This new and insightful book, is based on a program that author Gary Friedman, along with colleague Jack Himmelstein (a law professor and lawyer) and Norman Fischer (a Buddhist monk) has been teaching for the last 6 years. It entails conflict professionals to consider self-reflection, challenging typical conventions of conflict professionals by replacing them with a full and deep commitment to bringing all of one's self to serve others. It directs the reader to pay attention to emotional clues - to understand and communicate them. Essentiallyacknowledging and using self-awareness. Working from the inside out. Whether you are a professional conflict resolver, litigator, mediator, or lawyerthis book is a must have resource to help increase clients' satisfaction.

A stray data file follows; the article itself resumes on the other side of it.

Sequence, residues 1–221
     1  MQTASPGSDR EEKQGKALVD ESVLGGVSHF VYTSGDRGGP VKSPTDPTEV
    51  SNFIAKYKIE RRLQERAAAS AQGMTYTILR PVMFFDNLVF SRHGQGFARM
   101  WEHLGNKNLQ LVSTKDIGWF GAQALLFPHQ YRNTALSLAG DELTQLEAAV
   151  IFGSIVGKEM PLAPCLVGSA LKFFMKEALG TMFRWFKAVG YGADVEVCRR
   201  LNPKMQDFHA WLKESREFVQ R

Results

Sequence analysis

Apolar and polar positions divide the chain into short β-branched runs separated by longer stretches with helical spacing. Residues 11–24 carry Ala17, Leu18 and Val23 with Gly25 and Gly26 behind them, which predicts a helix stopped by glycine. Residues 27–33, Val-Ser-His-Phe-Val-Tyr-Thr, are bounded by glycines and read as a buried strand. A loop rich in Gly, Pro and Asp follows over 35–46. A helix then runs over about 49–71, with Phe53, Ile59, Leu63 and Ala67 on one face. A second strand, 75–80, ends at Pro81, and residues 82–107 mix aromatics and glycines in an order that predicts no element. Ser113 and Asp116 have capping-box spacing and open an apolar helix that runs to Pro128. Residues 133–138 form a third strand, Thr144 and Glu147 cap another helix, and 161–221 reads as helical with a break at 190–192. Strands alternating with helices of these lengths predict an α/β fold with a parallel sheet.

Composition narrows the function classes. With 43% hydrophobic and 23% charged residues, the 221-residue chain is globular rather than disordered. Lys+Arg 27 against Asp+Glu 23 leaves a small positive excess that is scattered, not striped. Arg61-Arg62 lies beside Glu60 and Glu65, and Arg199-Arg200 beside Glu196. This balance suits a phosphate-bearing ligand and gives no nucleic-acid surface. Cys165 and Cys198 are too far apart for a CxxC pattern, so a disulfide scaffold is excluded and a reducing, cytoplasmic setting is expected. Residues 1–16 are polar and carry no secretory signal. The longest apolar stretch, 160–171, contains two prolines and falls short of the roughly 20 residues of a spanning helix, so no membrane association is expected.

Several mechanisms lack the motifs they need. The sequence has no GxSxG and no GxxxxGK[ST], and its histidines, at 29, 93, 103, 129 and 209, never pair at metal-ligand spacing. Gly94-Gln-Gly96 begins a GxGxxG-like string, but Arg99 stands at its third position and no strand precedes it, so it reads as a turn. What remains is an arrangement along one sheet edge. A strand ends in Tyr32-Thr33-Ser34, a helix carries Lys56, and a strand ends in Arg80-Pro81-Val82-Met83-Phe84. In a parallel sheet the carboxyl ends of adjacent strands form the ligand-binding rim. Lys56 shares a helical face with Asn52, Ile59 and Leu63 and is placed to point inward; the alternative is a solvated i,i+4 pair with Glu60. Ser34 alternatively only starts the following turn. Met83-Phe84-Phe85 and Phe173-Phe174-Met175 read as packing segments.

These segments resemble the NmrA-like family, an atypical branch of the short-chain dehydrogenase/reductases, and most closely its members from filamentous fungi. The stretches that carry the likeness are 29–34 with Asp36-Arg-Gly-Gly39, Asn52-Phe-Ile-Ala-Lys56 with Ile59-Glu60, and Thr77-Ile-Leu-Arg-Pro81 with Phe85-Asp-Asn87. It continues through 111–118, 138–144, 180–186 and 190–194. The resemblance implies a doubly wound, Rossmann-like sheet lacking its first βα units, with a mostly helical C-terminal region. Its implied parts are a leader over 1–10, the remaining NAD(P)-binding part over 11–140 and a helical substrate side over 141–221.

This book provides different analytical perspectives into how human rights-based approaches to development (HRBADs) contribute to change. Based on the understanding that HRBADs are increasingly integrated into development and governance discourse and processes in many societies and organisations, it explores how the reinforcement of human rights principles and norms has impacted the practices and processes of development policy implementation. To reflect on the nature of the change that such efforts may imply, the chapters examine critically traditional and innovative ways of mainstreaming and institutionalising human right in judicial, bureaucratic and organisational processes in development work. Attention is also paid to the results assessment and causal debates in the human rights field. The articles discuss important questions concerning the legitimacy of and preconditions for change. What is the change that development efforts should seek to contribute to and who should have the power to define such change? What is required of institutional structures and processes within development organisations and agencies in order for human rights integration and institutionalisation to have transformative potential? This book was previously published as a special issue of the Nordic Journal of Human Rights.